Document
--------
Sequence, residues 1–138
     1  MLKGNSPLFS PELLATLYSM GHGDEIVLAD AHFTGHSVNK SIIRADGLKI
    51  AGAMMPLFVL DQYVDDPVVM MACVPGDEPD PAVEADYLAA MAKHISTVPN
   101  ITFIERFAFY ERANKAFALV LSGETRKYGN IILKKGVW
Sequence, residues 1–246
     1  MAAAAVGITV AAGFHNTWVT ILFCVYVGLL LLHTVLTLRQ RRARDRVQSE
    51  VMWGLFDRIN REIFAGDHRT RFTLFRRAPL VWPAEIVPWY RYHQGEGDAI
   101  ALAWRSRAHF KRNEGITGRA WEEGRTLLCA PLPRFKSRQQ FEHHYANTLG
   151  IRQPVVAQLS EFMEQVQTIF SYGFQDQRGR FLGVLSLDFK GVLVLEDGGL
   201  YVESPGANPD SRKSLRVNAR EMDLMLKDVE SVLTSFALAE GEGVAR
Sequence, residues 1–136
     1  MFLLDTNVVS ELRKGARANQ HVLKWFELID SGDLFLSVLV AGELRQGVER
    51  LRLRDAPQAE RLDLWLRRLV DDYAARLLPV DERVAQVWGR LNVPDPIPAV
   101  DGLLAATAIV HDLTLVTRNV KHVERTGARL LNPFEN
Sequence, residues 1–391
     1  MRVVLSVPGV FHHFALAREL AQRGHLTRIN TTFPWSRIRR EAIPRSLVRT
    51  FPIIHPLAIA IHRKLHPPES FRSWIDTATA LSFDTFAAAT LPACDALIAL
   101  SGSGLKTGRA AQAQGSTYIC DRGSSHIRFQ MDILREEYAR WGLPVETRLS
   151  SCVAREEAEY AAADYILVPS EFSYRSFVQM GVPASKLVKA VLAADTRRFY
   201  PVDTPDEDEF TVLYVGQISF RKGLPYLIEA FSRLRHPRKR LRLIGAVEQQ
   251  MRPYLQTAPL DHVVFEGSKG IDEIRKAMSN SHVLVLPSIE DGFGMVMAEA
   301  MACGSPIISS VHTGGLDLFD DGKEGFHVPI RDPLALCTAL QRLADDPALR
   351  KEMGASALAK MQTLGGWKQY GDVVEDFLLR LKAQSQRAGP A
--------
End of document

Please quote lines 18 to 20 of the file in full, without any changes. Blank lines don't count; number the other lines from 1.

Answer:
   101  SGSGLKTGRA AQAQGSTYIC DRGSSHIRFQ MDILREEYAR WGLPVETRLS
   151  SCVAREEAEY AAADYILVPS EFSYRSFVQM GVPASKLVKA VLAADTRRFY
   201  PVDTPDEDEF TVLYVGQISF RKGLPYLIEA FSRLRHPRKR LRLIGAVEQQ